Truth and mercy have met together.
Justice and peace have kissed. (Psalm 85:10)

Christians frequently differ on important issues, and it is a mark of spiritual maturity if they handle those differences creatively rather than engage in damaging verbal warfare.”1 (Raymond Brown)

In rediscovering what it means to live for God and His glory alone, Contemporary Christianity seeks to support Christians and the church to serve their communities at critical points of: cultural contention; communal conflict; and social change. We aim to engage Christian minds with issues in the public square, to inject new perspectives and provoke discussion.

Christians often complain that certain views are ridiculed, scoffed-at, and shouted down in the public square. Similarly, churches have often been complicit in shutting-down debate and excluding marginalized voices within their own spaces. By mirroring this behaviour in attitudes to differing voices and opinions within our congregations, how many people are being driven away from church?

How then should we handle differences creatively, in a way that is faithful to the Gospel of peace?

In his book “Reconcile: Conflict Transformation for Ordinary Christians” John Paul Lederach advocates the interwoven principles of truth, mercy, justice and peace described in Psalm 85 as central to ensuring interdependent social energies and concerns are brought together and given voices.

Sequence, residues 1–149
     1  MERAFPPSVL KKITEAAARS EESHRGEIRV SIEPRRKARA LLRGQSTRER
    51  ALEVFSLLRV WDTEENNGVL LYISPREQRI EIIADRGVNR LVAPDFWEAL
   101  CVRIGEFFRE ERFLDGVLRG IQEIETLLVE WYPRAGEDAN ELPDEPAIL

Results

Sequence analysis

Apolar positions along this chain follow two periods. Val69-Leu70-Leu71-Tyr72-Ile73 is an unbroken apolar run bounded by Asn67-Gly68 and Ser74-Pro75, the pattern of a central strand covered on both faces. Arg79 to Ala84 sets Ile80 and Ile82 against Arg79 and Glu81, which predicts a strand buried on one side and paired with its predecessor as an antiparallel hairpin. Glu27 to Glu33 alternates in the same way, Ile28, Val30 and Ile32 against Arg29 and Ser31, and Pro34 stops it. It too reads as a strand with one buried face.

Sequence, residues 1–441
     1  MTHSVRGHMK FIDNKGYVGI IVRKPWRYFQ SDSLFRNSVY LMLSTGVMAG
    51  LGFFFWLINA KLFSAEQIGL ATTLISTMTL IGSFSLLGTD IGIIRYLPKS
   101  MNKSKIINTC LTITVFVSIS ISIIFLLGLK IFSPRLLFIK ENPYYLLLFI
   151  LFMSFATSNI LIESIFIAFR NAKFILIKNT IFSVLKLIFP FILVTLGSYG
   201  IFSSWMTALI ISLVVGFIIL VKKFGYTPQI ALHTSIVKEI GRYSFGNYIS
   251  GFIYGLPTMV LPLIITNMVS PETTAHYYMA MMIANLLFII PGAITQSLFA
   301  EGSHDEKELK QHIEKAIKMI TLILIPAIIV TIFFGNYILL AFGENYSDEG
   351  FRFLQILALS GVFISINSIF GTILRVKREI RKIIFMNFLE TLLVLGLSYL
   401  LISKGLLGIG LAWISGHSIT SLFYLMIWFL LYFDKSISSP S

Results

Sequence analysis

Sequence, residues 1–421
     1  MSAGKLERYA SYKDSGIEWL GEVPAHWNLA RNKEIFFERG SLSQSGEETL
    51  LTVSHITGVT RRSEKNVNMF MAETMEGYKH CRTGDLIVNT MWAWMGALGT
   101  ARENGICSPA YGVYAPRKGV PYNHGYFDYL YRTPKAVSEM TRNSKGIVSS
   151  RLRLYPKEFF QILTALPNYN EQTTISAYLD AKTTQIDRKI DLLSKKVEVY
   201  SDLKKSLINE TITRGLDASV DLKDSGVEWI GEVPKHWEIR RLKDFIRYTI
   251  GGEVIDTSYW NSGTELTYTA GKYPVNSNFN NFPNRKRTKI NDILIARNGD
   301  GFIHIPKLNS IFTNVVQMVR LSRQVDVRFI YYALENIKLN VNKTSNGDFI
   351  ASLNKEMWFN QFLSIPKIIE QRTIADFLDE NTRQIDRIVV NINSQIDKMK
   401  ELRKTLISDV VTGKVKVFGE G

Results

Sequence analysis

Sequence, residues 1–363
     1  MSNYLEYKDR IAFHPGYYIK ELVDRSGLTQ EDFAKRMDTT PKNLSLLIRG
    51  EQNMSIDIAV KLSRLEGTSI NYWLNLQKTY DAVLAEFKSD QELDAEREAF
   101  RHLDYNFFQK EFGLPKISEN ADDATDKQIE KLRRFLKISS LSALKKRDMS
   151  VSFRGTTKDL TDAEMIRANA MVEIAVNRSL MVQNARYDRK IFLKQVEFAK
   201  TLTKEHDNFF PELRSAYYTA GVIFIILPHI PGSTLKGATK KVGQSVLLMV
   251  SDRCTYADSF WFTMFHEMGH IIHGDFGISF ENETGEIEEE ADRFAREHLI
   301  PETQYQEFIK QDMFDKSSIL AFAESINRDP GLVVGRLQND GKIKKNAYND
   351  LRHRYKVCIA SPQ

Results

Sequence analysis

Truth seeks transparency, honest and clarity. Mercy is concerned with acceptance, compassion and support. Justice is about looking beneath the surface and making things right. Peace seeks to hold people together with security, respect and wellbeing.

Public square discourse is all too often framed by division, exclusion and privilege. If we interpret truth, mercy, justice and peace as the four sides of public square engagement, Christians can help to create a dynamic, safer, social space where different perspectives can genuinely meet and wrestle things out.

Rather than roping different opinions into a boxing match (along with our own), Lederach writes that:

“If we create the social space that brings Truth, Mercy, Justice and Peace together within a conflicted group or setting, an energy is crystallized that creates deeper understanding and unexpected new paths leading toward restoration and reconciliation.”2

A recent Irish Independent article by Dr Eoin O’Malley laments the silence of centrists, which has led to a decline in decent debate on a range of moral and political issues. Citing Social Psychologist Jonathan Haidt’s recent book “The Righteous Mind: Why good people are divided by politics and religion” there is often “a failure to appreciate the different moral foundations for the other side’s beliefs”3 which leads to an escalation in damaging, hurtful rhetoric.

Regardless of whether Christians regard their views on moral and political issues as “centrist,” the biblical imperative to “act justly and to love mercy and to walk humbly with your God” (Micah 6:8) should be central to how we approach critical points of contention in the multi-sided public square.

Furthermore, the potential for Christians to take the lead in transforming the square into a dynamic, safer, social space would be truly counter-cultural.

Jonny Currie

Chairperson and Board Member of Contemporary Christianity

1Brown, Raymond; The Message of Nehemiah: God’s Servant in a Time of Change; IVP; 1998.

2Lederach, John Paul; Reconcile: Conflict Transformation for Ordinary Christians; Herald Press; 2014.

3O’Malley, Dr Eoin; “Silence of the centrists kills decent debate”; Irish Independent; 2 October 2016.